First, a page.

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    A Death-scene

    by Emily Bronte
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    • Average Rating: 1.9 out of 5 based on 4 ratings
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    Published in the 1846 collection Poems By Currer, Ellis and Acton Bell under Emily's nom de plume 'Ellis Bell'.


    "O day! he cannot die
    When thou so fair art shining!
    O Sun, in such a glorious sky,
    So tranquilly declining;

    He cannot leave thee now,
    While fresh west winds are blowing,
    And all around his youthful brow
    Thy cheerful light is glowing!

    Edward, awake, awake--
    The golden evening gleams
    Warm and bright on Arden's lake--
    Arouse thee from thy dreams!

    Beside thee, on my knee,
    My dearest friend, I pray
    That thou, to cross the eternal sea,
    Wouldst yet one hour delay:

    I hear its billows roar--
    I see them foaming high;
    But no glimpse of a further shore
    Has blest my straining eye.

    Believe not what they urge
    Of Eden isles beyond;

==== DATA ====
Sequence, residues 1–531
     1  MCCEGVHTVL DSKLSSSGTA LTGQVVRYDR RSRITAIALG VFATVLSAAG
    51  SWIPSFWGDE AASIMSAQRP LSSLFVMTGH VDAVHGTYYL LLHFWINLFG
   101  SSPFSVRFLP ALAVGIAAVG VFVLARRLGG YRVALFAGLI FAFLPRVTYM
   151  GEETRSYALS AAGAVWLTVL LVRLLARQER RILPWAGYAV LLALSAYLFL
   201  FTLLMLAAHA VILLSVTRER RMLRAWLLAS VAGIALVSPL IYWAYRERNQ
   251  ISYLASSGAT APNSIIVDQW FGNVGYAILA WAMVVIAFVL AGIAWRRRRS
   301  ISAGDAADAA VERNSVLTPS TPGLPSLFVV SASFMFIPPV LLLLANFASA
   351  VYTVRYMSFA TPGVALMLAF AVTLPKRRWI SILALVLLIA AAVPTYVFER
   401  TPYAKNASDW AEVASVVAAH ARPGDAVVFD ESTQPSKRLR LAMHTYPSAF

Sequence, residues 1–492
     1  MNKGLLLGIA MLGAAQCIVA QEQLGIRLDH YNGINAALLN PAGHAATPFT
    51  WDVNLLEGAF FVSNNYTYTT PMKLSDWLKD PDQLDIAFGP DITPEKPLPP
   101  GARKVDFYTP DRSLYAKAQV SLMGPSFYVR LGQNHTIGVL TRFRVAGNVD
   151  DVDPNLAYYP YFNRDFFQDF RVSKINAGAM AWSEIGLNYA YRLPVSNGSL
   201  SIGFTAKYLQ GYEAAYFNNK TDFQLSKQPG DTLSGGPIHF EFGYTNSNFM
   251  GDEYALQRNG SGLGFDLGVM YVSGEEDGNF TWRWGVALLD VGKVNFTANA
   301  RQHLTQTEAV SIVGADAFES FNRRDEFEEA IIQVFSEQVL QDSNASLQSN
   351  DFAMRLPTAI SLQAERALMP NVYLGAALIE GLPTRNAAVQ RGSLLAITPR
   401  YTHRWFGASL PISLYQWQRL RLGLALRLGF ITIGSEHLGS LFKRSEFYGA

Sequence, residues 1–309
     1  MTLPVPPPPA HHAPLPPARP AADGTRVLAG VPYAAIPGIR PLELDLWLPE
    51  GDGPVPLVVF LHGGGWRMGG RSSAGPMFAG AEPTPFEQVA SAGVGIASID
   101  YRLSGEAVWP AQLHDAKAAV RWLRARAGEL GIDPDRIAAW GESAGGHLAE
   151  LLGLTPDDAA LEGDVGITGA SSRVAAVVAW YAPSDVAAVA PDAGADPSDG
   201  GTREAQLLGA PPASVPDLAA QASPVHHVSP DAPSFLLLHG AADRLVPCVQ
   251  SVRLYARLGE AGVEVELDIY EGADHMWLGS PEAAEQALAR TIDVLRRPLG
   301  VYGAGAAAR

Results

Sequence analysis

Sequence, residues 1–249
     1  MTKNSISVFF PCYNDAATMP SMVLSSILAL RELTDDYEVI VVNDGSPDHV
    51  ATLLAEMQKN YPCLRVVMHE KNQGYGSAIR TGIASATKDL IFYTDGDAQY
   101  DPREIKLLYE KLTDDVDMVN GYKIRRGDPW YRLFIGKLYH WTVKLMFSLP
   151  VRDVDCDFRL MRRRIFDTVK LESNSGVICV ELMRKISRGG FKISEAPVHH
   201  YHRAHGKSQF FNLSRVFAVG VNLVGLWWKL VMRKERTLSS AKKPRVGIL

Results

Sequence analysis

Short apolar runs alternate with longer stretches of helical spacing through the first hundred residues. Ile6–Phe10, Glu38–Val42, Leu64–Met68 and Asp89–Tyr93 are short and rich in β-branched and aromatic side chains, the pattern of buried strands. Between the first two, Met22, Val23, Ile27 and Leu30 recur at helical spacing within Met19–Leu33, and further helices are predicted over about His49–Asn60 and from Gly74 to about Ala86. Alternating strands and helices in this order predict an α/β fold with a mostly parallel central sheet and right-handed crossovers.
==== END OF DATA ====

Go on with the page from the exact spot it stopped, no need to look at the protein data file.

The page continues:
Turn back, from that tempestuous surge,
    To thy own native land.

    It is not death, but pain
    That struggles in thy breast--
    Nay, rally, Edward, rouse again;
    I cannot let thee rest!"

    One long look, that sore reproved me
    For the woe I could not bear--
    One mute look of suffering moved me
    To repent my useless prayer:

    And, with sudden check, the heaving
    Of distraction passed away;
    Not a sign of further grieving
    Stirred my soul that awful day.

    Paled, at length, the sweet sun setting;
    Sunk to peace the twilight breeze:
    Summer dews fell softly, wetting
    Glen, and glade, and silent trees.

    Then his eyes began to weary,
    Weighed beneath a mortal sleep;
    And their orbs grew strangely dreary,
    Clouded, even as they would weep.

    But they wept not, but they changed not,
    Never moved, and never closed;
    Troubled still, and still they ranged not--
    Wandered not, nor yet reposed!

    So I knew that he was dying--
    Stooped, and raised his languid head;
    Felt no breath, and heard no sighing,
    So I knew that he was dead.
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